HIPSTERS are a well-known entity these days. You’ve seen them; they dress in alternative clothing and follow a different approach to materialism, that is, the alternative clothing they wear is meant to look really cheap but is actually quite expensive.
This is where I’d like to begin my analysis of the new Mini hatch. Its makers claim that it harks back to the original. Now think back to the origin of the Mini in 1959 where a company had the simple vision to create a small car that was small in dimensions big on interior space and high in value for money.
BMW took over the brand at the turn of the century and since then we’ve seen three generations of BMW Mini hatchbacks and a host of variants. Much like the hipsters of today, the new Mini is aimed at creating a certain image by aligning itself with the original car’s ethos, except the latest generation is actually a very premium product in terms of pricing and quality - as I found out.
I have a bit of a soft spot for Mini under BMW ownership. The Cooper S was the car I was fortunate enough to learn how to drive and experience my first track day. So, suffice to say, I had high expectations for the new model. The new car is certainly an evolution of the BWM-era Mini design but is in many ways very different to previous models.
The previous generation ditched the Chrysler-based supercharged engine for a turbo set-up which was co-developed by the Peugeot Citroën Group (PSA). However, the latest model uses the new B48 BMW 2.0-litre engine.
The increase in capacity means more power at 141kW/280Nm but it’s the potential power the engine can produce that’s interesting. With a John Cooper Works version looming over the horizon, BMW has suggested that this engine is capable of up to 188kW/400Nm which is what we will probably see when it’s used in the updated BMW 328i or in the new 2 Series Active Tourer.
Not that this Cooper S is short on power; the electronic differential and dynamic traction control system are both already working overtime as you hit the loud pedal. The thing that impressed me was how the car managed to fight off the torque steer without eliminating it entirely which leaves the driver with a satisfying sensation through the steering wheel, like the car is scampering as it shuffles along.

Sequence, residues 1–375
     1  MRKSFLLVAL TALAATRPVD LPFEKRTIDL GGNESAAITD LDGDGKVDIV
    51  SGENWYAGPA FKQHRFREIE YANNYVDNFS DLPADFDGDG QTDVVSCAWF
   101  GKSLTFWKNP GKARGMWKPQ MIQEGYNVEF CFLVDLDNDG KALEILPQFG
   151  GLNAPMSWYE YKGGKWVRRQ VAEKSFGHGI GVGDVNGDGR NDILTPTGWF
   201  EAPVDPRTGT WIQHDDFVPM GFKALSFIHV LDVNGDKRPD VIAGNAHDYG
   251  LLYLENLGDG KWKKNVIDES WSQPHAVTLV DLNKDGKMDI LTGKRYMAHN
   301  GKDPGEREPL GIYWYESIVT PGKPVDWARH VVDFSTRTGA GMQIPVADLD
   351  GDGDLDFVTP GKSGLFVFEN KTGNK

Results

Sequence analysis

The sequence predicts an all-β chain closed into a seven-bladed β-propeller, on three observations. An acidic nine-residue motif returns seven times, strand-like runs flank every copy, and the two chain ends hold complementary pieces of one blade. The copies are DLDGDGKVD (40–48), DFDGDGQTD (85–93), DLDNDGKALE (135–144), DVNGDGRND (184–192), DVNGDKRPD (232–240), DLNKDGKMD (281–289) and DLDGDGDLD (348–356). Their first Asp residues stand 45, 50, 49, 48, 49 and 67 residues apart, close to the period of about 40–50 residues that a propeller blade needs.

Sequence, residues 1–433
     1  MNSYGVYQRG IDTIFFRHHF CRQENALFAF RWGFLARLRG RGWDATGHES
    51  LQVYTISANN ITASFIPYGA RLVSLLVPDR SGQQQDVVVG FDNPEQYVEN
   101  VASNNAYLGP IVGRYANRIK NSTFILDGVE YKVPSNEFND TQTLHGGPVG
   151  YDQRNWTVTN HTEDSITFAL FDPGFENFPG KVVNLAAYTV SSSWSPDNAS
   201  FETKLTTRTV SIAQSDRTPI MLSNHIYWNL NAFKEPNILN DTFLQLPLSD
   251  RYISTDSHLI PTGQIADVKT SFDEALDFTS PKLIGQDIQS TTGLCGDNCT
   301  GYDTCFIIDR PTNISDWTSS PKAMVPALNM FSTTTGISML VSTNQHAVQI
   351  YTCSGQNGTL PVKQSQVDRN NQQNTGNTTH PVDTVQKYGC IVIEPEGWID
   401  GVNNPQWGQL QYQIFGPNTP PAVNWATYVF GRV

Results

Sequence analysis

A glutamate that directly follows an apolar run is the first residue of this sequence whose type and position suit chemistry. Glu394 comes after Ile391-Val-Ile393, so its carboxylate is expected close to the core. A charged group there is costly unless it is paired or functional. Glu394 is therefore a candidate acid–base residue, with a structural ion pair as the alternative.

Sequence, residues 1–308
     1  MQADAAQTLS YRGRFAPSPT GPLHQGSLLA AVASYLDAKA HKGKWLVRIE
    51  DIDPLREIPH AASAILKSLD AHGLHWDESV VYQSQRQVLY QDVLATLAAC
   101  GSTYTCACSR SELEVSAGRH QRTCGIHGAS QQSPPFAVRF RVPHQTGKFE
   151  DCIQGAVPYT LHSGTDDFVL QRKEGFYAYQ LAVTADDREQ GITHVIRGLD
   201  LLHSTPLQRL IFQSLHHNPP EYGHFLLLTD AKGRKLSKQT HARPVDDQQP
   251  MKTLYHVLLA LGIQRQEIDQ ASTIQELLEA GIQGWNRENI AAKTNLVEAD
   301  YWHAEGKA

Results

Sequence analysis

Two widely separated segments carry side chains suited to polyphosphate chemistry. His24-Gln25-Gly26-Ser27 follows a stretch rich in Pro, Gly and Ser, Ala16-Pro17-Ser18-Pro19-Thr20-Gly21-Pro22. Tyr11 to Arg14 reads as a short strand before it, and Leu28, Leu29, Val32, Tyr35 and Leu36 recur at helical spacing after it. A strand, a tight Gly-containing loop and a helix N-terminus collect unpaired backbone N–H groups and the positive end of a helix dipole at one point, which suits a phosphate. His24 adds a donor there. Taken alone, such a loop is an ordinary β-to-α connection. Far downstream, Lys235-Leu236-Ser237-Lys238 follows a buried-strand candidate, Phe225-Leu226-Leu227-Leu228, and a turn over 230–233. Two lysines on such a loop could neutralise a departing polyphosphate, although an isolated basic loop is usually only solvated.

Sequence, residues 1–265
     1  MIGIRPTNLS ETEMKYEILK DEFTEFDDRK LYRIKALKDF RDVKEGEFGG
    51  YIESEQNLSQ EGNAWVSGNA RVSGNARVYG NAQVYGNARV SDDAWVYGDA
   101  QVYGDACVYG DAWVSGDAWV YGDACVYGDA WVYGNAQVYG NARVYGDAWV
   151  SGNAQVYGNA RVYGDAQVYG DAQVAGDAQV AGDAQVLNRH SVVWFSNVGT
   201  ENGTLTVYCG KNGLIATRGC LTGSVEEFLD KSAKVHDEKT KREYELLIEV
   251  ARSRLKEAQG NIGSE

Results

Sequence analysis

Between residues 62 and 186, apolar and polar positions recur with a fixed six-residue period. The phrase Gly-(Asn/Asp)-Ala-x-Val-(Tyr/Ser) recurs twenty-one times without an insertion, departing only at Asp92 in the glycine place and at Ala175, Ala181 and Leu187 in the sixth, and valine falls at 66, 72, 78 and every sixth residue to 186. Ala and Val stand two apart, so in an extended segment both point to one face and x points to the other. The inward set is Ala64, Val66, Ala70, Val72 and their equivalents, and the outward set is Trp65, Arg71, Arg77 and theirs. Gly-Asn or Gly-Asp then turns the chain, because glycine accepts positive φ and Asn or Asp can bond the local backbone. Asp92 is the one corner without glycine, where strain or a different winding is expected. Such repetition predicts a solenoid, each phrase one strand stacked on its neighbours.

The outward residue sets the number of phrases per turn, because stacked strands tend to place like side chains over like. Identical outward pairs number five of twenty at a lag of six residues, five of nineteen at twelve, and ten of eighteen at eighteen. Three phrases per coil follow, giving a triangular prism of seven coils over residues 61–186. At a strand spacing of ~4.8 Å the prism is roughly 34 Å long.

Anyone who’s driven a Mini will know there’s something about the car that makes it feel altogether different and the new one maintains this feeling. I couldn’t help smiling every time I drove it because it doesn’t aim to get you from point A to B as fast as possible but rather, it wants to make the journey fun.
It accomplishes this with its boy racer soundtrack; it hisses, snarls and pops its way through the gears while the well-weighted steering and sharp turn-in response make its handling really fun. Then there’s actual performance, with a claimed 0-100km/h time of 6.8 seconds for the 6-speed manual that I drove. This car is certainly well into the hot-hatch league.
In terms of fuel consumption, its makers claim 5.7 litres/100km. However, with a gentle right leg I managed around 7.0 litres/100km which is still impressive for a performance hatchback.
Then we get to the interior where an unmistakably ‘Mini’ cockpit greets the driver. The ergonomics are much improved for this model. For example, the electric window switches are now on the door and the speedometer in front of the driver while that massive central circular cluster is now used as an infotainment hub.
The infotainment system itself is brilliant as it’s modelled on the BMW iDrive unit where a central toggle switch can be used to select media devices via Bluetooth, USB and AUX or make use of the navigation or Mini Connected app suite.
In terms of practicality the new Mini is only slightly bigger than its predecessor yet it is a more practical car to live with. Its rear quarters are still only suitable for shorter adults but its boot is now a reasonable size at 211 litres which allows for two overnight bags.
The new Mini is certainly more substance than style which is saying something because it’s a very trendy little car. So in many ways it’s not like a hipster; it has genuine claims to its heritage in terms of offering a reasonably practical package with high levels of quality and the same driver-centred fun which is sure to make it a car that creates great memories. It does wear some very expensive clothing with pricing starting at R352 500 and an options list that can make things more daunting than a shopping spree with your hipster child in Cotton On.
The price does include a proper Motorplan of five-year/100 000km which does sweeten the deal somewhat and align it more with its BMW brethren.